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Kenya’s power imports from Uganda surge by 18.4%

(Courtesy photo)

Kenya witnessed an 18.4% surge in electricity imports from Uganda in January, according to data released by the Energy and Petroleum Regulatory Authority (EPRA). The spike in imports, totaling 20.29 million units of power, reflects a growing demand within Kenya’s energy market.

This increase marks a notable rise from December’s import figures of 17.12 million units, underlining the intensifying demand dynamics in the region. The bilateral power exchange program between Kenya and Uganda plays a pivotal role in stabilizing energy supply during periods of deficit for either nation.

However, while Kenya imports electricity from Uganda, it’s also actively involved in electricity exports to its neighbor. In January, Kenya exported 3.41 million units to Uganda, emphasizing a symbiotic relationship in the energy trade. Yet, despite these exchanges, Uganda maintains a positive trade balance, benefitting from higher imports.

Apart from Uganda, Kenya also sources power from Ethiopia, another critical contributor to its energy mix. The diversification of energy sources, particularly amidst fluctuations in hydroelectric output, is paramount for ensuring consistent power supply. Notably, Kenya experienced a 6.9% decline in hydro output in January, attributed to strategic water resource management by Kenya Electricity Generating Company (KenGen) to optimize generation.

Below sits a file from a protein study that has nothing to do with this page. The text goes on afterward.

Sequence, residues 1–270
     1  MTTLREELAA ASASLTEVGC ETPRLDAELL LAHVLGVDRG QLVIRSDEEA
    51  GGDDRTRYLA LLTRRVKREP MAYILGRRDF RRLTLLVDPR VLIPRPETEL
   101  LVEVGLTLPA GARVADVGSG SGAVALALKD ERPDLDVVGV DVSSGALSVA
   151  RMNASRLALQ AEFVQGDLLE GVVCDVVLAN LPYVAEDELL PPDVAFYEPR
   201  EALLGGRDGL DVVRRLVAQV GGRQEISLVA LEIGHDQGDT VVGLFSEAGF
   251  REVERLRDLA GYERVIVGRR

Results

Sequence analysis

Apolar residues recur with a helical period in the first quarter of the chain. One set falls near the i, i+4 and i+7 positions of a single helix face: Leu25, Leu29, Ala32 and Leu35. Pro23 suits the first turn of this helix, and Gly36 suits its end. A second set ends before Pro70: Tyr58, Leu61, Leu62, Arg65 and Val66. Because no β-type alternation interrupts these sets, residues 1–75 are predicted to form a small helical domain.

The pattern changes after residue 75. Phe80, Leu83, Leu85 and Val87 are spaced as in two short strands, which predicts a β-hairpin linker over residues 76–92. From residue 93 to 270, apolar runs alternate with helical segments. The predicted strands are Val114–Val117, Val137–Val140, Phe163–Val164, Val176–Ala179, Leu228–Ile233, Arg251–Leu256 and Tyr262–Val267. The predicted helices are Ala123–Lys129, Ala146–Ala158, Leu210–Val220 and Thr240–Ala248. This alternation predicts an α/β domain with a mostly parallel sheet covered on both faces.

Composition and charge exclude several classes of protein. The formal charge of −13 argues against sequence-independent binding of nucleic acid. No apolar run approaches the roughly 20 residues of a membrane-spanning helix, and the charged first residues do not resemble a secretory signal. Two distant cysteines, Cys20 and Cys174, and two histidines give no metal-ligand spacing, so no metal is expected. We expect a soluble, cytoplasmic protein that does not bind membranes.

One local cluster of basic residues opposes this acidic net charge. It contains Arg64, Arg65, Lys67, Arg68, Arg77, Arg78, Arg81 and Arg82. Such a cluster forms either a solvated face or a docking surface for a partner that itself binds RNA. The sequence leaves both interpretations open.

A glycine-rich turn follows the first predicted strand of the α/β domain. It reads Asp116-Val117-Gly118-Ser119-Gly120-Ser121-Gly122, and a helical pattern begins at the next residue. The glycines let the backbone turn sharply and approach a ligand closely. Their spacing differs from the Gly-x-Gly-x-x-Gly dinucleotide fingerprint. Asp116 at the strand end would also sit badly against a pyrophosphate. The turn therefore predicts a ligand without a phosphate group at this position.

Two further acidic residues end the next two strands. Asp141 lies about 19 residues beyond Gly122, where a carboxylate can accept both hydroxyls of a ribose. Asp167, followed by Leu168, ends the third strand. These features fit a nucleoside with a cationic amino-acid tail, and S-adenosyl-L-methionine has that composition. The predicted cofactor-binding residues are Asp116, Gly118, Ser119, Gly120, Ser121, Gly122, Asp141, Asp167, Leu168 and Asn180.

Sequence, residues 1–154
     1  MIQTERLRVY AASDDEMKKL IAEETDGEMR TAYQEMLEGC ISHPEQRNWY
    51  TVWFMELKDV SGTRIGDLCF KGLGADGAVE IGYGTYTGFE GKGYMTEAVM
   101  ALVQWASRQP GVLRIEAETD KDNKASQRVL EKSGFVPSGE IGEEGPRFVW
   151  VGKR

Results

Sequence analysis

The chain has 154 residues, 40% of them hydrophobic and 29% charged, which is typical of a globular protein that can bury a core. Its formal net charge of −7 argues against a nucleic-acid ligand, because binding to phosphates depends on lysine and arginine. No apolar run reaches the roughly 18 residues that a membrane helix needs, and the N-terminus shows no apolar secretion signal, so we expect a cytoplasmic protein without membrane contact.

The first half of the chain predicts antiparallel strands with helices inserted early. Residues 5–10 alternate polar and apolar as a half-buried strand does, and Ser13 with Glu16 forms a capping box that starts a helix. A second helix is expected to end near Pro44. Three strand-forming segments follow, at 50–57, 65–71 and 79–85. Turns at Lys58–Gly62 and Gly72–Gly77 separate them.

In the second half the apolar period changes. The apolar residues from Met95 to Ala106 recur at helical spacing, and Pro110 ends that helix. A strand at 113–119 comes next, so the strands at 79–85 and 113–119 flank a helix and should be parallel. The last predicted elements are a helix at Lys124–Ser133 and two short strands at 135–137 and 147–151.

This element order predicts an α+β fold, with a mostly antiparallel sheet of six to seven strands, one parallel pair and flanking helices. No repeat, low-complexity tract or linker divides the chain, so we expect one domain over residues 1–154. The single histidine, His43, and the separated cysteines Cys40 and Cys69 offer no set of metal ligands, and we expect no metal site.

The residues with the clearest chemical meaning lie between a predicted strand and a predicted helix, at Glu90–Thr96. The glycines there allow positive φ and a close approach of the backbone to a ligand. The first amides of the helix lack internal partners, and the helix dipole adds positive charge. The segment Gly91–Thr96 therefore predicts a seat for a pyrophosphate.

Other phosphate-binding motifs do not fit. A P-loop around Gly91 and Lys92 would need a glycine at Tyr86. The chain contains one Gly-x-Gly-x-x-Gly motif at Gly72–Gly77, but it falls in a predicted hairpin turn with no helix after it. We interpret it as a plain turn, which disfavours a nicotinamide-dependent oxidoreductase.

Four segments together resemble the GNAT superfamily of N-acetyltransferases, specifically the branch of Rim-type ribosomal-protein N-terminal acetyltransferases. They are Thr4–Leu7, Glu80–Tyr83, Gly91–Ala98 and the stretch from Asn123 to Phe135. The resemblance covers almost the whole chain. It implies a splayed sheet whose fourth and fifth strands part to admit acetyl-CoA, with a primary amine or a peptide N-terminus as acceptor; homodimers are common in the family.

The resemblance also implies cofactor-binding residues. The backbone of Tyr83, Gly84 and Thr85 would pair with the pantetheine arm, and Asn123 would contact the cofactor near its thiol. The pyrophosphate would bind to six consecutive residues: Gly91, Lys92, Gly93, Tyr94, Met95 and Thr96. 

However, KenGen remains optimistic about increasing hydro generation as water levels in major dams rise. This strategic approach aligns with long-term water management programs aimed at maximizing output during peak periods.

Overall, the surge in power generation by 5.4% in January signals heightened demand from consumers. With over a dozen power producers contributing to the energy landscape, Kenya generated 1.165 billion kilowatt-hours (kWh) of electricity last month, reflecting a robust market demand.

EPRA’s Director-General, Daniel Kiptoo, emphasized the importance of these figures, highlighting the total units generated and purchased, excluding exports. The data underscores the evolving energy landscape in Kenya, driven by both domestic demand and strategic partnerships with neighboring countries like Uganda and Ethiopia.

Courtesy; The East African

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